Switching to un-powdered latex gloves reduces latex sensitivity in healthcare workers, study finds

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Eliminating the use of powdered latex gloves was the most effective strategy in preventing latex allergen exposure in healthcare workers sensitive to the substance, a new study reports.

Researchers followed 800 healthcare workers in two hospitals over a 4.5-year period, both before and after the hospitals switched to powder-free latex gloves. The powder used in these gloves is made of cornstarch, which previous studies have shown is an allergen carrier.

The Medical College of Wisconsin investigators also tested the levels of latex allergen in the air ducts of the employees' primary work areas before and after the test sites implemented the switch to powder-free gloves. They were able to identify a substantial link between high levels of airborne allergen and healthcare workers with a latex allergy or sensitivity.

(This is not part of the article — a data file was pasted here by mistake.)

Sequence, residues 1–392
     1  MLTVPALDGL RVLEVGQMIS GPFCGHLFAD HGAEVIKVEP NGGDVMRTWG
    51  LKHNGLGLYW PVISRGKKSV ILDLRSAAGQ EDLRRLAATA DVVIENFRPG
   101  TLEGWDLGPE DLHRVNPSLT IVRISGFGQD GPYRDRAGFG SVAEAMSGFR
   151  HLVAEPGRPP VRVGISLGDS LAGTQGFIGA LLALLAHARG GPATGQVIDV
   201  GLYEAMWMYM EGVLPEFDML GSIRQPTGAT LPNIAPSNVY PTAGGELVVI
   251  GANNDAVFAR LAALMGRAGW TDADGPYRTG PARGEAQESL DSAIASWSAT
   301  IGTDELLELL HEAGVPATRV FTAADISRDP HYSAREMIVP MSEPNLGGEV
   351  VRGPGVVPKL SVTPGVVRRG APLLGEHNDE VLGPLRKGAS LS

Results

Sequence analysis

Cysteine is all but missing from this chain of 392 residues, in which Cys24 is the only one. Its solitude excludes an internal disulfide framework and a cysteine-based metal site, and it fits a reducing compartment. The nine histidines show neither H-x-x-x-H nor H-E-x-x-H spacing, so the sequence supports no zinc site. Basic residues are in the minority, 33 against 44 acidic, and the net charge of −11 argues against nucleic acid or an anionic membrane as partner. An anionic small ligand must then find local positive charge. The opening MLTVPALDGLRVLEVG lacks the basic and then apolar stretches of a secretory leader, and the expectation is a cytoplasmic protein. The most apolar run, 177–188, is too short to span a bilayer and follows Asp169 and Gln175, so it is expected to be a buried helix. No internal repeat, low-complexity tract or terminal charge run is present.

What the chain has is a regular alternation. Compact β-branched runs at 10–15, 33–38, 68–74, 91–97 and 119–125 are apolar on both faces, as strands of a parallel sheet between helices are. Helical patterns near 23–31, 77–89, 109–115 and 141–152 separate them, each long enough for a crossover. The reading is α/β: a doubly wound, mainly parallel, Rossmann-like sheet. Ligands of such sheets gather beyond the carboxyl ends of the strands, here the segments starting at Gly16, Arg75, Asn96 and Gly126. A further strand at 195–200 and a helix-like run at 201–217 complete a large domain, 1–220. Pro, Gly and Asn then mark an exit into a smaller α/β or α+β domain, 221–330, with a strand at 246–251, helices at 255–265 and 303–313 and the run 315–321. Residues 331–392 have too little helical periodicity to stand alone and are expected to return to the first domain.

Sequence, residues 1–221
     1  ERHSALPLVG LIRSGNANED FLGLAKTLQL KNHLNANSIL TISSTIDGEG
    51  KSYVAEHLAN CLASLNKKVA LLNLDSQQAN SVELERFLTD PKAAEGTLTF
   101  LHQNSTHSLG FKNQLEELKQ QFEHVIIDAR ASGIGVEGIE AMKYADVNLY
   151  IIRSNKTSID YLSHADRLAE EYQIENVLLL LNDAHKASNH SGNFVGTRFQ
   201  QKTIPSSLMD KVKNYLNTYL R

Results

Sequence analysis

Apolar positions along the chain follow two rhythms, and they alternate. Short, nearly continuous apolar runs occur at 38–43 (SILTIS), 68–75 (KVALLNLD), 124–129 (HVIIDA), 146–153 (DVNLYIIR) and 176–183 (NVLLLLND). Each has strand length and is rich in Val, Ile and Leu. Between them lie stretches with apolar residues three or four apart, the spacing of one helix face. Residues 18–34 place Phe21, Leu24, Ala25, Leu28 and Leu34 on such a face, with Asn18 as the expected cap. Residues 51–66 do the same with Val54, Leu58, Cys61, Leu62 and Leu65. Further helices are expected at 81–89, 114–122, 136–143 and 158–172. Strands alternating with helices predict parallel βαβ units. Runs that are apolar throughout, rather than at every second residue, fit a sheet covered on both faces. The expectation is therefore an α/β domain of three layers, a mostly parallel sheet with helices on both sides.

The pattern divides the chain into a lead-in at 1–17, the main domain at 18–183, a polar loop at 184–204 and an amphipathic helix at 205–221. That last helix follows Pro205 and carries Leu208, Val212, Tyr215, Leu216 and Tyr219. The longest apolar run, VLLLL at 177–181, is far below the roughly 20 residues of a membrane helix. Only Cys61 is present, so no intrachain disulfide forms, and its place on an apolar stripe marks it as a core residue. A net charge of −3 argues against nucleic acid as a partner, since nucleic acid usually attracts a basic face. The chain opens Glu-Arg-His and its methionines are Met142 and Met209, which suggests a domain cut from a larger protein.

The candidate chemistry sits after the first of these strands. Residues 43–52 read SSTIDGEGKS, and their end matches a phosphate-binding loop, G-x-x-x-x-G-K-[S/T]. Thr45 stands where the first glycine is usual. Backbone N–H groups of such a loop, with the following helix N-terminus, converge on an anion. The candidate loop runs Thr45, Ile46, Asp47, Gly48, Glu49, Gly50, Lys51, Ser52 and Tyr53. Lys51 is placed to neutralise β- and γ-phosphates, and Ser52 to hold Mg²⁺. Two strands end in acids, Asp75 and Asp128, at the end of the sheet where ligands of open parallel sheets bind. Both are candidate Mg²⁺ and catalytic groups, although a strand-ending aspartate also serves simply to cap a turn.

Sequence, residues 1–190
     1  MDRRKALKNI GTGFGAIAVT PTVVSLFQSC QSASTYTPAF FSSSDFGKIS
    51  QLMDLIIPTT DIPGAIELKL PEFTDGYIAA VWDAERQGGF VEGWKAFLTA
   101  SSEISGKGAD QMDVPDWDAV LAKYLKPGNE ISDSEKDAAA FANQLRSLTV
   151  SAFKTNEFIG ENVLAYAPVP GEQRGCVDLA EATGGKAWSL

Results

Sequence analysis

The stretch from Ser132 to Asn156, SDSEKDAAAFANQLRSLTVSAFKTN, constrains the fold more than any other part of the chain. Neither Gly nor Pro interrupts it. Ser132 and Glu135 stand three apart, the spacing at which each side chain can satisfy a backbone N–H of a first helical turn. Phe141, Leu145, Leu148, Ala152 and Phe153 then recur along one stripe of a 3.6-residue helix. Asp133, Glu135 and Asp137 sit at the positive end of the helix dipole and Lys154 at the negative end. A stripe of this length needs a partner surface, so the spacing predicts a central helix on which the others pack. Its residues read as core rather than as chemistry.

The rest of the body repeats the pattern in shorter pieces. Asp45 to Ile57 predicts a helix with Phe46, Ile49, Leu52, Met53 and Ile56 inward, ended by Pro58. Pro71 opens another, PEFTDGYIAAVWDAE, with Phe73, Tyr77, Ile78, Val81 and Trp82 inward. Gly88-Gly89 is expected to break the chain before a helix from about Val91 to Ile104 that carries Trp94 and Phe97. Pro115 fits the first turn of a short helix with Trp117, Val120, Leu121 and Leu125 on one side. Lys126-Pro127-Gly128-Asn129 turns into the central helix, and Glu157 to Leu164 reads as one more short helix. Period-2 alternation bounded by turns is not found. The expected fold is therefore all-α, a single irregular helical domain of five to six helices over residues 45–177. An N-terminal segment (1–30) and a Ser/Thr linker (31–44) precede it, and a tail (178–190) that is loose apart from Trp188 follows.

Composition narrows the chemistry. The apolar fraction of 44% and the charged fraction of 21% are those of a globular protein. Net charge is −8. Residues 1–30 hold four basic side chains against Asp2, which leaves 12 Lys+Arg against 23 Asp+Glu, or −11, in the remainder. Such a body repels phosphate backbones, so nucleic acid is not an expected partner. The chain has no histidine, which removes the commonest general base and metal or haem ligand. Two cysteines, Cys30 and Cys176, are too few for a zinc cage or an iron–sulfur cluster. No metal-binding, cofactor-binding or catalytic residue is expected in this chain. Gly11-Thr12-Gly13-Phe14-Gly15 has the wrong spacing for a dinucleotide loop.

“This study provides the strongest evidence that allergic sensitivity to latex in healthcare workers is linked to airborne allergen exposure through powdered gloves,” said lead author Kevin Kelly, M.D. in a statement. “I believe these findings provide a roadmap for health care institutions that will help minimize the risks of latex sensitization to health care workers.”

About 25% of the workers studied are no longer considered sensitized to latex. But researchers are not certain how long this effect will last.

The study was published in the Journal of Occupational and Environmental Medicine.